1. Would it be stupid just to stick the lot in rate setter at 6%? It seems to be just what I'm looking for.

    2. Lending Works and Landbay seem to have autolend systems. Are they worth a try?

    3. Any tips on how to get more out of the active side? Given the small number of loans available I'm just allocating £100 to each so it's not really an active approach. Assetz seem to have hundreds of loans available on the manual side but nothing on the auto lend side. Should I move my Assetz money into manual as a way to get going with active?
    Last edited by MoneyGeoff; 05-10-2017 at 12:08 PM.
Page 1
    • george4064
    • By george4064 5th Oct 17, 11:57 AM
    • 844 Posts
    • 893 Thanks
    george4064
    • #2
    • 5th Oct 17, 11:57 AM
    • #2
    • 5th Oct 17, 11:57 AM
    Just thinking outside the box, you might want to consider P2P Global Investments plc (P2P)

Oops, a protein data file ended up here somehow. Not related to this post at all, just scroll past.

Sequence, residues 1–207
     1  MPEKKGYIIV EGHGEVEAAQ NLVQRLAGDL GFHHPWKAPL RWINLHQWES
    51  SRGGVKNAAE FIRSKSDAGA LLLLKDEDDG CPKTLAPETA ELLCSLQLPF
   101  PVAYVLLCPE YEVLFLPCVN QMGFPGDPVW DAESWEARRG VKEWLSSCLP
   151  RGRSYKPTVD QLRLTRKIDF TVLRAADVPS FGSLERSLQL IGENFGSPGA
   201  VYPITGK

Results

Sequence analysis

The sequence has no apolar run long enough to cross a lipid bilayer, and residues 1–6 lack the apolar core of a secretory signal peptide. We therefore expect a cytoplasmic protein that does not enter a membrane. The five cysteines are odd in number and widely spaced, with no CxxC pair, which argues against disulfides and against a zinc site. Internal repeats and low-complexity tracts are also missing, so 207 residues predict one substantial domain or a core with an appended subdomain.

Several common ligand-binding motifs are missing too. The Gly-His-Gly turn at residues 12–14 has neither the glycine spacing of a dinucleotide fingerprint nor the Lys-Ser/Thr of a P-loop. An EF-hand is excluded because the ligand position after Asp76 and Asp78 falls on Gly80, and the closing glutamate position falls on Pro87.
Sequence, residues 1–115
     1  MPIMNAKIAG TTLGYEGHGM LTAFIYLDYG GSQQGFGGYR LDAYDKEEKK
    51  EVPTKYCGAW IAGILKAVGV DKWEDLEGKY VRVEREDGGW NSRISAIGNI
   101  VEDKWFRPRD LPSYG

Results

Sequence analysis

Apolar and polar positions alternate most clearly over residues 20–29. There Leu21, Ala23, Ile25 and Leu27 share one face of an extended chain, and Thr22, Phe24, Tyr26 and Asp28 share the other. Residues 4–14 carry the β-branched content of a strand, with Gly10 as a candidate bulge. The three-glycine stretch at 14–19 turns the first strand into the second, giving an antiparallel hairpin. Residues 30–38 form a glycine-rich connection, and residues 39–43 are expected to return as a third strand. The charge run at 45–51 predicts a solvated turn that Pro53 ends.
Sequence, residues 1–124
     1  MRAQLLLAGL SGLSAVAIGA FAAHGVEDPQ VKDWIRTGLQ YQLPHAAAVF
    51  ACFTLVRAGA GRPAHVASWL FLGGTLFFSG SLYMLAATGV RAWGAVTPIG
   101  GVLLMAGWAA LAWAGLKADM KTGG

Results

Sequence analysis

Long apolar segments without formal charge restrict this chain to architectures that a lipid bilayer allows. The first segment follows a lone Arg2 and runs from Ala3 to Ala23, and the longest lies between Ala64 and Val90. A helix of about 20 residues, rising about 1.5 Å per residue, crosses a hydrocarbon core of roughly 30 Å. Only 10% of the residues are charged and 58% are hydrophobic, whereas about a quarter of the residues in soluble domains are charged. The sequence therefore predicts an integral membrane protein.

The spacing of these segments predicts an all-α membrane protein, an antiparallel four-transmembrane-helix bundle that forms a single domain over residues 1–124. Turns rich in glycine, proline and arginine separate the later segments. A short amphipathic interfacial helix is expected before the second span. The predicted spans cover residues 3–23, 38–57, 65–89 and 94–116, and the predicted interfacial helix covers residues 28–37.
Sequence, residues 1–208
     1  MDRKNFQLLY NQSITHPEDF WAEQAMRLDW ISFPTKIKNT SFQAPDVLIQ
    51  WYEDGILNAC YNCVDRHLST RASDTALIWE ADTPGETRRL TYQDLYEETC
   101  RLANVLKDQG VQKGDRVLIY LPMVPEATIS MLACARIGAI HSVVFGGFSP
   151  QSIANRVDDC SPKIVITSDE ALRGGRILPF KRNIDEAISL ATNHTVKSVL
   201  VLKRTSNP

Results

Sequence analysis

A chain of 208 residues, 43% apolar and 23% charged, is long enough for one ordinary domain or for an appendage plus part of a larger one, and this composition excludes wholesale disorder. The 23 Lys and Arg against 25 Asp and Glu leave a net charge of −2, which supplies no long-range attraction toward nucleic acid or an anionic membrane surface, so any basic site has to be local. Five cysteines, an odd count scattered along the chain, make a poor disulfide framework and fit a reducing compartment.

"If you aren’t willing to own a stock for ten years, don’t even think about owning it for ten minutes” Warren Buffett

    Save £12k in 2016 - #045 £10,358.81/£12,000 (86%)
    Save £12k in 2017 - #003 £9,136.98/£12,000 (76%)
    • Drp8713
    • By Drp8713 5th Oct 17, 11:59 AM
    • 746 Posts
    • 617 Thanks
    Drp8713
    • #3
    • 5th Oct 17, 11:59 AM
    • #3
    • 5th Oct 17, 11:59 AM
    Take a look at Ablrate, they offer an IFISA, up to 15% asset backed, and their secondary market means you should be able to get fully invested quickly.

    Some SM loans trade at a discount and others at a premium.
    • MoneyGeoff
    • By MoneyGeoff 5th Oct 17, 12:09 PM
    • 74 Posts
    • 36 Thanks